The Senate Judiciary Committee has scheduled a markup of the Journalism Competition and Preservation Act for Thursday (August 4), but the National Association of Broadcasters expects that to be held over until after the August recess.
At press time, it was still on the committee agenda.
The bill would give "news content creators" -- print, broadcast, or digital -- an antitrust safe harbor to negotiate collectively with digital platforms like Facebook and Google for carriage of their original content.
NAB was still giving the Senate props for signaling it would move on the legislation.
“The Journalism Competition and Preservation Act levels the playing field between local media outlets and the big tech gate keepers that today leverage their market power to devalue our trusted news and community-focused content," said NAB President Curtis LeGeyt. "NAB applauds the Senate Judiciary Committee for scheduling a markup of this important, bipartisan legislation and we thank Senators Klobuchar and Kennedy, Chairman Durbin and the bill’s sponsors for their leadership. Broadcasters will continue to work with policymakers to advance this critical legislation.”
Specifically, the bill grants publishers immunity from federal and state antitrust laws for a 48-month period while they bargain collectively with digital platforms.
News content creators are defined as ones with 1) a dedicated professional editorial staff that creates and distributes original news and related content concerning local, national, or international matters of public interest on at least a weekly basis; 2) are marketed via subscriptions, advertising, or sponsorship.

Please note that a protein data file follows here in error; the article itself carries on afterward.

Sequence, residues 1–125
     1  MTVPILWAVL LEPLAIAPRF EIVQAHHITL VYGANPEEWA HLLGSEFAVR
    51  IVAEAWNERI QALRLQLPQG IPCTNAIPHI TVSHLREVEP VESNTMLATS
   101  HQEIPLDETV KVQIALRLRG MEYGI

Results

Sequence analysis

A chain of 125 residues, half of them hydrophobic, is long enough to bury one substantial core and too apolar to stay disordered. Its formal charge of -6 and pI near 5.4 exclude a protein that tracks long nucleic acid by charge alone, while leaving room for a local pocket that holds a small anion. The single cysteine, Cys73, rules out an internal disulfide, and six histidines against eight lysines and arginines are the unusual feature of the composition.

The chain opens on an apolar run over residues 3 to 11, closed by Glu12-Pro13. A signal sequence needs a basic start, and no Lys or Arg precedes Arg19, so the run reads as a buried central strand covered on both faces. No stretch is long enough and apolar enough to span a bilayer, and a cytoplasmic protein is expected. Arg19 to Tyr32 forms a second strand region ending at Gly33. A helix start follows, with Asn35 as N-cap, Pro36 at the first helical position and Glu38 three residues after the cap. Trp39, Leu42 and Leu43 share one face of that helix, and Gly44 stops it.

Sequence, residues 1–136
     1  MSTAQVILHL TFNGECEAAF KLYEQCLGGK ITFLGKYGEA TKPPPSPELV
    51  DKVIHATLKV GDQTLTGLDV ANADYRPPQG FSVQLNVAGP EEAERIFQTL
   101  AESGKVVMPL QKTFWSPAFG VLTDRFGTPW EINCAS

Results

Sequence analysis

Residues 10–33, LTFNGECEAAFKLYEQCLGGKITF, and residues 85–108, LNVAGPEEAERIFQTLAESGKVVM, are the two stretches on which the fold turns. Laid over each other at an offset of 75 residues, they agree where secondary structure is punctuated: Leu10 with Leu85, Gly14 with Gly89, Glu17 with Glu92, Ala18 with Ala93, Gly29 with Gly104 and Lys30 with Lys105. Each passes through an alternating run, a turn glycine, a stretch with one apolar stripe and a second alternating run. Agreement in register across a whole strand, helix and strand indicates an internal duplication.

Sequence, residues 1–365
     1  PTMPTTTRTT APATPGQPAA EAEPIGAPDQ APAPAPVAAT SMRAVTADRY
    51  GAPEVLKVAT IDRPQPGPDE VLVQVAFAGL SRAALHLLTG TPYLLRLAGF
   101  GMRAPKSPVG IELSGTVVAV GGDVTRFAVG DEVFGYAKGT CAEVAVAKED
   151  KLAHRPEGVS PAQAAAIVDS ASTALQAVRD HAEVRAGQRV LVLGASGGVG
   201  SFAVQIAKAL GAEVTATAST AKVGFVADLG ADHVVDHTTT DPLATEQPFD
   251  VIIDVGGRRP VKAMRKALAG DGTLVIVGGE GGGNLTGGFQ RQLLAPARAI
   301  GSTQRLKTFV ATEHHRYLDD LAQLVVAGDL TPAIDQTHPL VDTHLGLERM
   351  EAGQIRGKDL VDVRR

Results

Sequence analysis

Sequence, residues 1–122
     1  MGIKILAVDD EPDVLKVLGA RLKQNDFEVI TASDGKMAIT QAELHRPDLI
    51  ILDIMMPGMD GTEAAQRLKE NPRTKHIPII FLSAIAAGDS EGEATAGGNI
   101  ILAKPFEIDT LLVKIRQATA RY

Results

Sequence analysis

They include operations that provide original news and related content at least 25% of which is current news and related content, or broadcast original news and related content per an FCC license.
The online content distributors publishers get to collectively negotiate with must have one billion active users per month on all their websites worldwide, so it is clearly aimed at the biggest platforms.
Publishers under the News Media Alliance banner have for years been trying to get Congress to give news publishers a limited safe antitrust harbor so they can get tech platforms, Facebook and Google most notably, to pay for use of their content given that they "take most of the advertising revenue sold against that content," adding that "advertising revenue that previously went to the news publishers and allowed them to reinvest in quality journalism is now going to the platforms."
The bill said the joint negotiation is only allowed so long as negotiations are 1) not limited to price (no price fixing); 2) are nondiscriminatory as to similarly situated news content creators; 3) are directly related to the "quality, accuracy, 13 attribution or branding, and interoperability of news;" and 4) involve terms available to all news content creators.
The coordination among bidders has to be "directly related to and reasonably necessary for negotiations with an online content distributor" and [cannot] involve any person that is not a news content creator or online content distributor. ■
Contributing editor John Eggerton has been an editor and/or writer on media regulation, legislation and policy for over four decades, including covering the FCC, FTC, Congress, the major media trade associations, and the federal courts. In addition to Multichannel News and Broadcasting + Cable, his work has appeared in Radio World, TV Technology, TV Fax, This Week in Consumer Electronics, Variety and the Encyclopedia Britannica.
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